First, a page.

|Author:||Sadras, V. ; Baldock, J. ; Roget, D. ; Rodriguez, D.|
|Book Group Author:||NA|
Subsoil chemical constraints, including varying combinations of salinity, alkalinity, and high concentrations of boron and sodium, are widespread in southern Australia. We combined field and simulation experiments to: (a) quantify the effect of subsoil chemical constraints on the lower limit of plant available water in sandy regolithic, hypocalcic, calcarosols, (b) assess the ability of current modelling approaches to account for the effects of chemically inhospitable soils on crop yield and water budget, and (c) investigate the interactions between subsoil constraints and rainfall. Lower limits were derived from measurements of soil water content using frequency domain reflectometry in an experiment combining three rotations, two locations, and three seasons (Experiment 1), and from gravimetric measurements in farmer-managed crops during three to four seasons (Experiment 2). A two-step method was used accounting for the effect of clay content on lower limits, and analysing the residuals against likely constraints. Significant, positive associations between residuals and chemical constraints (Na, B, carbonates, pH) indicated lower limits greater than expected from texture, and less plant available water with increasing intensity of constraints. These empirical functions can be used in modelling, and in estimating target yields for management purposes. Yield and soil water content simulated with the APSIM model were compared with measured wheat yield (range: 0.6-3.7 t ha-1), and measured soil water content in wheat and canola crops (range: 0.010-0.205 cm3 cm-3). These comparisons indicated that in soils with clay content ≤31%, electrical conductivity (EC) ≤1.31 dS m-1, pHwater ≤10.3, concentration of CaCO3 ≤292 g kg-1, B ≤29 mg kg-1, and Na ≤2450 mg kg-1, crop responses to subsoil constraints can be largely accounted for by higher lower limits and reduced crop transpiration. Higher B concentration would require accounting for reduced transpiration efficiency. Interactions between subsoil constraints and seasonal rainfall (April-October) were analysed in a simulation experiment including the factorial combination of 39 locations, 44 seasons and two soil profiles (with or without chemical constraints). Three types of site-dependent responses were found. Yield reduction caused by subsoil constraints was independent of seasonal rainfall in 18 locations (neutral response), was more severe in wetter seasons in eight locations (negative response), and decreased with increasing rainfall in 13 locations (positive response). Negative responses were more frequent in sites where conditions contributed to severe water deficits, i.e. lower seasonal rainfall, less available soil water at sowing, and greater evaporative demand. Estimates based on the assumption of a flat landscape with good soil infiltration leading to little runoff, showed that increase in deep drainage accounted for most of the reduction in crop transpiration associated with subsoil constraints. For a given amount of seasonal rainfall, the likelihood of a drainage event and its average size both increased with increasing frequency of large rainfall events, as characterised using power laws.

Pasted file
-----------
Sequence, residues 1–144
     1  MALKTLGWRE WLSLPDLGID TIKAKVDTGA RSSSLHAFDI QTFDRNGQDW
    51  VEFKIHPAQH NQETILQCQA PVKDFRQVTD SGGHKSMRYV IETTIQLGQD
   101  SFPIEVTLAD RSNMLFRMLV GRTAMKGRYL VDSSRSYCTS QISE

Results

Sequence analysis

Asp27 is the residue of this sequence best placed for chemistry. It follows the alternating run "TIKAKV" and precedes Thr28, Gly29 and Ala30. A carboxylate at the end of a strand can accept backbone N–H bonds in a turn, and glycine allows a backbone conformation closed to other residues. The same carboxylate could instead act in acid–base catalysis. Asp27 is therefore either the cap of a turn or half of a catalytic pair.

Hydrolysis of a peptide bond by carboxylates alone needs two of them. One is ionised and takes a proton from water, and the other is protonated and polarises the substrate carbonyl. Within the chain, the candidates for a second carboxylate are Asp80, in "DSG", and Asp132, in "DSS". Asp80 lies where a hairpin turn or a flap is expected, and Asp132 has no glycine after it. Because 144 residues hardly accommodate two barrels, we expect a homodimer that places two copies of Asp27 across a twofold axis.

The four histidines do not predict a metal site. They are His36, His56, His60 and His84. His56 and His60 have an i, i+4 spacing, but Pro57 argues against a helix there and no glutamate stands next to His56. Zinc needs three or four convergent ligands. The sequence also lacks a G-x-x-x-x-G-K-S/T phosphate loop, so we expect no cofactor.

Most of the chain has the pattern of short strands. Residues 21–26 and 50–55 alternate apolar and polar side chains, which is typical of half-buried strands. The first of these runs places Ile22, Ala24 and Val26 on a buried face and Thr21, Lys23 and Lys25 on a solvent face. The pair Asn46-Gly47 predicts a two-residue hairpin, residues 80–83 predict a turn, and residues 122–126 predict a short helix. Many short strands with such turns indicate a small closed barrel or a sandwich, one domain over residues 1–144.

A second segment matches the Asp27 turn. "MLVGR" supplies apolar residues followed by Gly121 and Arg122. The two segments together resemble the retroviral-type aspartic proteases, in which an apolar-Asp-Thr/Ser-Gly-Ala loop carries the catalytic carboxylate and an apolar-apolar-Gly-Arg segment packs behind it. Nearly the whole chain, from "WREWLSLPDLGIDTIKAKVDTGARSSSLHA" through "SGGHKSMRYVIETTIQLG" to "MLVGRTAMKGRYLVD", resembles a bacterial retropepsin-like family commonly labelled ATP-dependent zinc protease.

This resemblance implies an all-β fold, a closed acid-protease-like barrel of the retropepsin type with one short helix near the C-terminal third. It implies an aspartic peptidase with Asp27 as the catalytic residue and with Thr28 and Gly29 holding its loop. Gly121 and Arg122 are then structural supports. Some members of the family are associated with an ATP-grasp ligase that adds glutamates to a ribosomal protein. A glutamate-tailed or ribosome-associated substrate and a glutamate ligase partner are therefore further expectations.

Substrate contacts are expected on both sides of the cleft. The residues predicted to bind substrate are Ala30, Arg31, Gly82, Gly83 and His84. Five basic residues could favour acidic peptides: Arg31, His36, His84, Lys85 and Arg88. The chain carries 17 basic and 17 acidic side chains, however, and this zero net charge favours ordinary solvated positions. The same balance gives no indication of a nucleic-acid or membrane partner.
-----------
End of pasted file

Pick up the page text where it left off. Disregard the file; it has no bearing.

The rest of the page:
|Pages:||241 - 260|
|Journal:||Field Crops Research|
alkalinity, arid lands, Aridisols, available water, boron,clay fraction, coarse textured soils, crop yield, electricalconductivity, measurement, models, plant water relations, rain, rape,salinity, sodium, soil types, soil water, soil water content, subsoil,swede rape, transpiration, water budget, water use efficiency, wheat,Australia, Brassica napus var. oleifera, Triticum, Triticum aestivum,Brassica napus, Brassica, Brassicaceae, Capparidales, dicotyledons,angiosperms, Spermatophyta, plants, eukaryotes, Poaceae, Cyperales,monocotyledons, Triticum, Australasia, Oceania, Developed Countries,Commonwealth of Nations, OECD Countries, canola, Capparales, metrology,oilseed rape, rainfall, soil moisture, Field Crops (FF005) (New March2000), Plant Water Relations (FF062), Plant Production (FF100), SoilChemistry and Mineralogy (JJ200), Soil Physics (JJ300), Meteorology andClimate (PP500), Mathematics and Statistics (ZZ100)